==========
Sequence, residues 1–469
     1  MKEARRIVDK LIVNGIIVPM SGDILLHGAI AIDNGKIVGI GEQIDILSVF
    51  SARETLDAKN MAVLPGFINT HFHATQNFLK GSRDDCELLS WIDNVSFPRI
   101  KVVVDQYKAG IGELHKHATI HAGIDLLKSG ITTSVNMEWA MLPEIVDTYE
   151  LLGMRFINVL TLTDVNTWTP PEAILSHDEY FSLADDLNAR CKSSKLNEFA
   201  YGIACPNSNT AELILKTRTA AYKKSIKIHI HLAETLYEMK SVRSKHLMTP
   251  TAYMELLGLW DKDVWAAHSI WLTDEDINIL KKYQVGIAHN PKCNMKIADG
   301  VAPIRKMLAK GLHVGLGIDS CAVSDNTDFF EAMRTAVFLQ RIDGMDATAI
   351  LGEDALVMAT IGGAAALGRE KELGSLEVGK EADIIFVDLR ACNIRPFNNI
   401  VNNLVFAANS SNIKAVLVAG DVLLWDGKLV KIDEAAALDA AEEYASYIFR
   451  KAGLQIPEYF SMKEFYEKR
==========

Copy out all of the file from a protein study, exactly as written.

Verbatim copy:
Sequence, residues 1–469
     1  MKEARRIVDK LIVNGIIVPM SGDILLHGAI AIDNGKIVGI GEQIDILSVF
    51  SARETLDAKN MAVLPGFINT HFHATQNFLK GSRDDCELLS WIDNVSFPRI
   101  KVVVDQYKAG IGELHKHATI HAGIDLLKSG ITTSVNMEWA MLPEIVDTYE
   151  LLGMRFINVL TLTDVNTWTP PEAILSHDEY FSLADDLNAR CKSSKLNEFA
   201  YGIACPNSNT AELILKTRTA AYKKSIKIHI HLAETLYEMK SVRSKHLMTP
   251  TAYMELLGLW DKDVWAAHSI WLTDEDINIL KKYQVGIAHN PKCNMKIADG
   301  VAPIRKMLAK GLHVGLGIDS CAVSDNTDFF EAMRTAVFLQ RIDGMDATAI
   351  LGEDALVMAT IGGAAALGRE KELGSLEVGK EADIIFVDLR ACNIRPFNNI
   401  VNNLVFAANS SNIKAVLVAG DVLLWDGKLV KIDEAAALDA AEEYASYIFR
   451  KAGLQIPEYF SMKEFYEKR